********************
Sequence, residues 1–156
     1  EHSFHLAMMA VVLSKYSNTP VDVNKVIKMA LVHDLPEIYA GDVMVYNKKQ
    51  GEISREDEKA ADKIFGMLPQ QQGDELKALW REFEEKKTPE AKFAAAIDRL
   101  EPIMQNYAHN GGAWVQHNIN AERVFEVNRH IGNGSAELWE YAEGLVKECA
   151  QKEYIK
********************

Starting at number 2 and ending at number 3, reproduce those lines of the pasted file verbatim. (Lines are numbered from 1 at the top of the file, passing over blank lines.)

     1  EHSFHLAMMA VVLSKYSNTP VDVNKVIKMA LVHDLPEIYA GDVMVYNKKQ
    51  GEISREDEKA ADKIFGMLPQ QQGDELKALW REFEEKKTPE AKFAAAIDRL